To the editor: I want to thank Jeff Prince for his story (“Cross about the Crossing,” June 17, 2009) about the very contentious meeting of Riverside residents with the City of Fort Worth, the Trinity Railway Express, and our city council member, Kathleen Hicks.
Mr. Prince gave an even-handed, no-dog-in-the-fight look at our issue. It helps to have our voice heard outside of the neighborhood.
Now, let me explain why we don’t want a quiet zone. The city and the TRE came to us initially wishing to close Galvez – we believe, as a first step in realizing their vision for our neighborhood as a limited-access community. We said at that time that we didn’t want a gateway to the neighborhood closed.
They came back again, this time with the “quiet zone” offer, and again the people who cared enough to attend the meeting said politely but firmly, thanks but no thanks.
Now they are back again, this time with our councilperson in tow, re-presenting the quiet zone as a safety measure. By this time we are not nearly as polite as we have been: The answer is NO!
Russell Wiles, the city’s railroad projects manager, cited the three accidents, one fatal, that have occurred since 2002 at that location. Let’s look at those accidents. One involved the trailer of an 18-wheeler that was backed across the tracks, blocking the train’s path. The fatality was the result of an impatient motorist who pulled his car around four other cars, crossed the oncoming traffic lane, and went through two gates blocking the track to put himself and his passengers, including a young mother, in harm’s way.
Prior to 2002, all the way back to 1945, there was only one incident at the Galvez intersection, and it was more likely a murder than a train accident.
At the Beach Street crossing, there have been two fatalities in roughly the same time period, and the city is not trying to close that crossing.
We don’t want the street blocked with a striped barrier and ROAD CLOSED sign because of the ongoing problems that this will invite into our neighborhood, not to mention the message that it sends to those on Riverside Drive.
We don’t want a quiet zone because we have children who walk to school and cross those tracks. Also, we have senior citizens who cross the tracks in motorized carts. Approaching the tracks, if they hear the train horn, they know to wait. We are afraid that without the horn they may be caught on the tracks as the arms descend.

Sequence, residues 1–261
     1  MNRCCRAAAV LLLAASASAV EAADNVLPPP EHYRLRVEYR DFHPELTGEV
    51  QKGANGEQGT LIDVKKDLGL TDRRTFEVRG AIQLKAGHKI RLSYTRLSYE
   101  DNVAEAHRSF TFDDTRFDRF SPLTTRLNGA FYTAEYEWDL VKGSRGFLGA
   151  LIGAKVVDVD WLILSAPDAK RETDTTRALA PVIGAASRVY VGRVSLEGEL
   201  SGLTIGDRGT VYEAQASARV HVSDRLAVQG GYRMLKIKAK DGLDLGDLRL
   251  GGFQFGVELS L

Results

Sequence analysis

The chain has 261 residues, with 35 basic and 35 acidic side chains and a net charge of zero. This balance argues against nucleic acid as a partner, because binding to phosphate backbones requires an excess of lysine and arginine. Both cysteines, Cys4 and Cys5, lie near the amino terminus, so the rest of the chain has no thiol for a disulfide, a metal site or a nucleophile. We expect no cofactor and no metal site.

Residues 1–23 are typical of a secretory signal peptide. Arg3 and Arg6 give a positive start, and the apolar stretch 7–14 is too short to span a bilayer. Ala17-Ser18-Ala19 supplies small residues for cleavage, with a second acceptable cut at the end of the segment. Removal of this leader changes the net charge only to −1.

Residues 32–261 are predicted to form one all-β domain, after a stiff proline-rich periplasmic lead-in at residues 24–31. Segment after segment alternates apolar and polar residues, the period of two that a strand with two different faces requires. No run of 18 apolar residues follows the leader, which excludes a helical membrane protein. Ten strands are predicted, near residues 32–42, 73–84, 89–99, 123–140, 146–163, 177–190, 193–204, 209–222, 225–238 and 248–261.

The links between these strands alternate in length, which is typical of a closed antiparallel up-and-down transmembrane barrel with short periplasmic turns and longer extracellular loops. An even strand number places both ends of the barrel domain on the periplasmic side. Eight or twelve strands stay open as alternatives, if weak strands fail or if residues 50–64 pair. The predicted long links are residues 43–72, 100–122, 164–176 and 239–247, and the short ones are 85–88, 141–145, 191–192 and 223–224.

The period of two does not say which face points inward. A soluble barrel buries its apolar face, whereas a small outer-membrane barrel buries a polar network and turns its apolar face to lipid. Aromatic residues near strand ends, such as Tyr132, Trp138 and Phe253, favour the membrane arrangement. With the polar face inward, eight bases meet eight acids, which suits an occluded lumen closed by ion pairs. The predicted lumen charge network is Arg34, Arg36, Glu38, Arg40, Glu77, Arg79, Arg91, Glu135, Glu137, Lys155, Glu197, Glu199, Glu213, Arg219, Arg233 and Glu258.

There are issues about those tracks that we are concerned about, the main one being that neither the city nor the TRE does any maintenance along the right of ways, resulting in severe overgrowth, wildlife nesting along the tracks, and totally unsafe conditions. They don’t want to discuss that though, only the closing of the street and creation of the quiet zone.
One last thing: Once they successfully close Galvez, their next target is the crossing at Judkins Street.
To the city, the TRE, and Ms. Hicks, the residents of Riverside say thanks for your concern, but please answer the pleas of some of those neighborhoods that are clamoring for a quiet zone.
Phyllis W. Allen
To the editor: Jeff Prince’s story puts into perspective the subtle discrimination and Trojan horse tactics employed by officials to gain access first to your mind, then to your land. The article made clear why we need to be prepared, like the Boy Scouts.
The Riverside folks held their resolve, and they damn sure didn’t just fall off the turnip wagon, as Fort Worth’s railroad project manager found out. Obviously, Russell Wiles believes that Riverside, a heavily minority area, needs exploitation, and that appears to be the ulterior motive: Get the quiet zone installed, and use eminent domain to satisfy some developer hiding in the bushes. Remember, the trains came first, then the residences. A lot of folks like the sounds of train horns and whistles – they’re a blast from the past.
I applaud Phyllis Allen’s refusal to capitulate. It might help her group’s cause to contact their state representative and also U.S. Rep. Kay Granger, to ensure that Riverside stays the way the local folks want.